Underworld: Dirty Epic
tylus Magazine's Seconds column examines those magic moments that arise when listening to a piece of music that strikes that special chord inside. That pounding drum intro; a clanging guitar built-up to an anthemic chorus; that strange glitchy noise you've never quite been able to figure out; that first kiss or heartbreak; a well-turned rhyme that reminds you of something in your own past so much, it seems like it was written for you—all of those little things that make people love music. Every music lover has a collection of these Seconds in his or her head; these are some of ours.
Somewhere in the hardbound, dust-jacketed Bible of Pop there lies a formula, a kind of master one-sheet for the rules and conditions that make for a "classic moment in pop music." Something along the lines of "thou shalt not exceed three-and-a-half minutes," "thou shalt discuss God or sex but not both at the same time," "thou shalt have a discernable snare," etc.
I won't go so far as to say that "Dirty Epic" shatters all conventions of pop songcraft, but it certainly places little faith (no pun intended) in the most obvious ones. Rarely does less happen over the course of ten full minutes in quite so grandiose a fashion as it does here. Released as a double-sided single with "Cowgirl," "Dirty Epic" is analogous to taking a single golden moment, a suspended realization, and stretching it to its snapping point. That point being, of course, the beginning of "Cowgirl," which follows it on the album, and which many fans find impossible to separate from "Dirty Epic." Taken on its own it teases gently—though ending with the sound of a bomb, it's really just an exercise in sustained tension and interrupted, never actualized release. There's no "money shot," if you will.
I mean, where's the chorus here? Is it "I get my kicks on Channel 6?" Is it "here comes Christ on crutches?" Is the whole song just one gigantic verse sucking off its own chorus with a "velvet tongue?"
Riding a drum machine beat so wet you can imagine fish swimming past in the LCD glare, "Dirty Epic" is ten minutes of two-note keyboard fills, decaying organ tones, and a small army of synths sounding like "real" instruments, synths sounding like mechanical devices, and synths sounding like, well... synths—shimmering, pulsating, all those things people use filtered waveforms for. In fact the whole back half of the song could be dumped on a hard drive and used to source a baker's dozen of trance anthems. Not that we can blame Underworld for that—the year is 1994 and no one's yet imagined Ferry Corsten (well, maybe his Mother), "electronica" is still being said with a straight face (well, not by me), and the band itself is busy reinventing themselves from goofy white funk mooks into one of the most dynamic recording and touring acts of the decade. They were able to do this because they discovered a secret weapon - most bands occupy themselves with writing songs, but Underworld realized that what they needed to create were settings. Settings bridge the gap between dance music (concerned with space, atmosphere, continuance) and rock music (focused on immediacy, melody, dialogue).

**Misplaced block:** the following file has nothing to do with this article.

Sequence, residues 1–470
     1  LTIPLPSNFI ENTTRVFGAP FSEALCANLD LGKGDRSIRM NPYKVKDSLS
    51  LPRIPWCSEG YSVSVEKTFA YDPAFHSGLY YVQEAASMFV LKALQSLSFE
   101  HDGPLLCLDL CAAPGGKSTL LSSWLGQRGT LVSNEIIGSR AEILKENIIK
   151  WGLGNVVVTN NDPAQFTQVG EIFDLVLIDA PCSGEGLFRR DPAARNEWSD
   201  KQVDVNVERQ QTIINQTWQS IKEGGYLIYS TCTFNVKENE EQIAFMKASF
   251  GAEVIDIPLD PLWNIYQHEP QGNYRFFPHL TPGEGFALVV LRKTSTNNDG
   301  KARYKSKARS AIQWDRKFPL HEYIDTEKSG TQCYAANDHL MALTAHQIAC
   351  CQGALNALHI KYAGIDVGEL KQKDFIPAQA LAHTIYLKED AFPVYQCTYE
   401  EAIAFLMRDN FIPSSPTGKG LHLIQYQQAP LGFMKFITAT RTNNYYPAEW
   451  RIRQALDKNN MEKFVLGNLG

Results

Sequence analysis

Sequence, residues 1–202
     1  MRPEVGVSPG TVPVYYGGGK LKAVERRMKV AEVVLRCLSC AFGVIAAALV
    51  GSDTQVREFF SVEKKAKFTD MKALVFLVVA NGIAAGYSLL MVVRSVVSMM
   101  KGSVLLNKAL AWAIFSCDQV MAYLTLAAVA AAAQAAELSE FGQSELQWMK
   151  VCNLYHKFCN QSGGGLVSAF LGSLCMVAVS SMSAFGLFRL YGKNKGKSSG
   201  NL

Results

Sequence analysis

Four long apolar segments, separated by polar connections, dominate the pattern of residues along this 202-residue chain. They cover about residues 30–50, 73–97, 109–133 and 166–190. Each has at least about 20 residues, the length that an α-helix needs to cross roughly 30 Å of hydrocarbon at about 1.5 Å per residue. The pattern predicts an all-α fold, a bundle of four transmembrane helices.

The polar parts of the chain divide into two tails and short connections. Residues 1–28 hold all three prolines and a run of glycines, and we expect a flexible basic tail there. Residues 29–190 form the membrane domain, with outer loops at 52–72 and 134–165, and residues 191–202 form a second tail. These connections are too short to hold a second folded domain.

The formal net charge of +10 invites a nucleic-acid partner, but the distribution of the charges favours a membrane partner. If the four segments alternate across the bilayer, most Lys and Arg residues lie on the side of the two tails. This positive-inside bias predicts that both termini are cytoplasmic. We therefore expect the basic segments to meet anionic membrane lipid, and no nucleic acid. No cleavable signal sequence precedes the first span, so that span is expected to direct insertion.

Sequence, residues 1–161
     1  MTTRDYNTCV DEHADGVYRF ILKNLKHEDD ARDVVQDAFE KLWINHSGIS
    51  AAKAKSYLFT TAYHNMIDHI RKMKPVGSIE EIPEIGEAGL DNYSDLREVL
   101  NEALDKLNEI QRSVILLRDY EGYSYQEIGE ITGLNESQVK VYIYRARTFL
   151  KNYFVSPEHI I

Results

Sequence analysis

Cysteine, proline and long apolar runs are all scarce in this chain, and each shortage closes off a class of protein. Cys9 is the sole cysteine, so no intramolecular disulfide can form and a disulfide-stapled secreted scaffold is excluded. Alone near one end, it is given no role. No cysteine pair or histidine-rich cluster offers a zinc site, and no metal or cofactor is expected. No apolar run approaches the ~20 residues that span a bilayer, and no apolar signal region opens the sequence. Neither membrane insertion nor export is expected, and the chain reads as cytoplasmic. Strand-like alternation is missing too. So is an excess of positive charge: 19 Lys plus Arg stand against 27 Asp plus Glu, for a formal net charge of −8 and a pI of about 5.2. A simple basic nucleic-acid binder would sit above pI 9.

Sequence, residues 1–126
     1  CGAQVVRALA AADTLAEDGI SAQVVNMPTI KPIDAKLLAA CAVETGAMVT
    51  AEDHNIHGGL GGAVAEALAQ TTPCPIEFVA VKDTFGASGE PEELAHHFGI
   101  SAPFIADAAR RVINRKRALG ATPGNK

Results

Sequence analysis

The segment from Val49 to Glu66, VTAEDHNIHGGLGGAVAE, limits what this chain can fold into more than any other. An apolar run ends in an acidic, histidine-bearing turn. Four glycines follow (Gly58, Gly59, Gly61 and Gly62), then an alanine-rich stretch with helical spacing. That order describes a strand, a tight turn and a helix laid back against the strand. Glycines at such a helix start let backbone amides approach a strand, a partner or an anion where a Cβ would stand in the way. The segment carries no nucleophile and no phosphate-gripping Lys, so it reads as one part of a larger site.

The meaning of the song is certain—it's a meditation on the shared boundaries of sex and religion, nothing more, nothing less. It incisively pursues a sense of meaning perceived as being lost in the world of "big screen satellite(s)," "off-peak electricity," tube holes and phone sex, 501's and Doris Day. The conclusions, like the object of their desires, remain nebulous. We know that Karl says he "will not be confused," but that doesn't help our own shadow-dancing. The real clue comes in the change in one word of the song’s many mantras—the light that blinds the narrator's eyes in the first half now burns them. Catharsis? Could be. I prefer to thing of it as the sting of resolve.
If you want to be brutally honest, pretty much every Underworld song is the same—half-sung vaguely Beat-influenced (in a good way, mind) poetry over a cascading waterfall of beats, two-to-five-note patterns layered so densely that complex melodies are implied. Not that they all sound the same, but the structure is carried over intact—much like New Order. In fact, one could argue that Underworld served the same purpose in the 90's that New Order did in the 80's: they showed every other rock band on the planet how to make proper dance music. "Dirty Epic" is an apt enough summation of that unique accomplishment—blitheness rather than ennui in the face of "the modern age;" layers of sound piled so thick that even when the "big" sounds come to the fore they sound like natural rather than self-conscious hooks; and a set of production values dense and sturdy enough you could rest your drink on it. "Designer voodoo," then? Pretty much.